Wheel Balancing

What you need to know about Wheel Balance & Vibration Control!

Today's cars and light trucks are designed to ride smoothly and handle safely. Unchecked, excessive wheel vibration can result in:

Excessive tire wear

Damage to suspension and steering parts

Unsafe steering and handling

What Causes Excessive Wheel Vibration?

At 60 miles per hour an average size tire rotates 850 times per minute. At this speed slight variations in balance, sidewall stiffness or roundness can cause the wheel to literally slam into the pavement 14 times a second.

Wheels out of Balance:

Static balancing uses a single weight plane and only addresses "up-and-down" imbalance. This is simply not adequate for today's vibration sensitive vehicles.

Dynamic balancing uses two weight planes. This eliminates "up-and-down" and "side-to-side" imbalance. Dynamic, two-plane balance should always be requested, even on custom wheels when hidden weights are required. Smart-Weight is an optimized dynamic balance that gives you the best ride possible.

Road Force Measurement: A perfectly balanced tire can still vibrate due to force variation...

Force variation is most frequently due to wheel runout, uneven tread, or sidewall stiffness in the tire.

Runout is when a tire or rim is out of round when rolling; frequent causes are a bent rim or uneven tire wear.

Uneven thread or sidewall stiffness can be found in new or worn tires. Tires by design are never uniformly flexible throughout nor are they perfectly round. And no two tires are exactly alike in these characteristics.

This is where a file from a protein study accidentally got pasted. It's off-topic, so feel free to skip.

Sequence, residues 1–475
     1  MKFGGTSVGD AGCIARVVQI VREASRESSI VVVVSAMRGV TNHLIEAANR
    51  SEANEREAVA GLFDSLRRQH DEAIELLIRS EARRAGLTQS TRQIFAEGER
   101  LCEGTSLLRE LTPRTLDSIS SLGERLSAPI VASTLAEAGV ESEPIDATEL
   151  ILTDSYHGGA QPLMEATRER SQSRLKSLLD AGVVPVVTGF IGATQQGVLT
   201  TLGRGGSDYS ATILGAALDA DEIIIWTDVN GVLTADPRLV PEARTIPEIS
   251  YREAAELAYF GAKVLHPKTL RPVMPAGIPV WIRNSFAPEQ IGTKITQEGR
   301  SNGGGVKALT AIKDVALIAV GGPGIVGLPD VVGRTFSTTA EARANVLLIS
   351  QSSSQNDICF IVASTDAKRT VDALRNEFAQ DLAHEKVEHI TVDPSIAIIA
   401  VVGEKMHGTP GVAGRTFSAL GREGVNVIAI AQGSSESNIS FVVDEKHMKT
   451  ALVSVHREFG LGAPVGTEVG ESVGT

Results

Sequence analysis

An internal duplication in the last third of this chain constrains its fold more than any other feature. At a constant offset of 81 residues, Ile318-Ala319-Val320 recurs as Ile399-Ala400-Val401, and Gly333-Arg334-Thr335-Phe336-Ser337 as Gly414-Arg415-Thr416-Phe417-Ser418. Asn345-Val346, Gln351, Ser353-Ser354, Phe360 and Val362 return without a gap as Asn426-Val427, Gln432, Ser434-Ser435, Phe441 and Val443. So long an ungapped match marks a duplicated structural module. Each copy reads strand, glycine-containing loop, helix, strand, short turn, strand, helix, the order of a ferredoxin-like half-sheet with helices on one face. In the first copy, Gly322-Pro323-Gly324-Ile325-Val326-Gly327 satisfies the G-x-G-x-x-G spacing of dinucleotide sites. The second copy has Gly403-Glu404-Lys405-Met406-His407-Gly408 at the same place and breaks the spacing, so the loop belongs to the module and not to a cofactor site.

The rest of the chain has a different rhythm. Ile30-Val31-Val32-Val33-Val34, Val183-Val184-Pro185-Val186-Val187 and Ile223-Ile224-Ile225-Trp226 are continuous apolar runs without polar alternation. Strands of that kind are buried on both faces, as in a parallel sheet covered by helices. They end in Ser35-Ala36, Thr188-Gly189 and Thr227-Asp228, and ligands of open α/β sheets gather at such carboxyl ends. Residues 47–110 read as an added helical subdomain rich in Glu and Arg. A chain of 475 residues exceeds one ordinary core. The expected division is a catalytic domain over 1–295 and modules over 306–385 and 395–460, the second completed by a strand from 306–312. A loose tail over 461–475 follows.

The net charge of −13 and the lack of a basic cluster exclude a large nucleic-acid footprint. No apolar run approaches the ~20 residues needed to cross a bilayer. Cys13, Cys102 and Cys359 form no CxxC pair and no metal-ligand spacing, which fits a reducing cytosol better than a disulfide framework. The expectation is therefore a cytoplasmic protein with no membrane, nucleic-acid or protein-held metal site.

How Excessive Road Force variation is Corrected:

1. Aligning the high point or stiff spot in the tire with the lowest spot in the rim can make the wheel "round when rolling." This procedure is called Force Matching and solves most vibration problems.

2. Tires or rims with extreme runout or road force variation often cannot be matched and must be replaced to solve vibration problems.

Tire Pressure and Wheel Alignment:

Improper tire pressure and/or misalignment causes irregular tire wear, which creates and amplifies imbalance, resulting in wheel vibration. Alignment can be adjusted and wheels serviced to reduce or stop the vibration. Ask your technician

Steering and Suspension Components:

Steering and suspension components need periodic inspection. They can eventually wear out resulting in wheel vibration. Excessive wheel vibration from other causes can also shorten steering and suspension component life.

Other Hidden Causes of Wheel Vibration:

Wheel to axle mounting error

Brake component wear or failure

Drive train or engine component wear or failure

Vehicle Component characteristics

A knowledgeable technician with proper training and equipment can diagnose these problems. But the only way to rule out all wheel -related vibration is a computer simulated road test.

Questions About How To Stop Wheel Vibration

What's the difference between Wheel Balance and Force Variation?

An unbalanced wheel causes vibration when spinning because of a heavy spot in the wheel. Force variation causes vibration because of uneven stiffness in the tire sidewall or tread, or because the wheel is out of round when rolling. Imbalance and force variation can affect one another. Imbalance is measured by placing it under load to stimulate actual road force. This can only be done using a computer simulated road test. Ask your technician to do this test during tire service.

How often should I have my wheels checked for excessive vibration?

Follow the vehicle manufacturer's recommendation noted in your owner's manual. But whenever you notice excessive vibration you should have a qualified technician inspect for any of the possible causes mentioned in this pamphlet. Gradual worsening of wheel vibration can be difficult to notice, so as a general rule have your tires checked every 10,000 miles or at least once a year.

Dale-Way Auto Body Center

3039 Tibbett Avenue,

Bronx, NY 10463

Phone. 718-601-8100

Email. Dale-Way@Dale-Way.com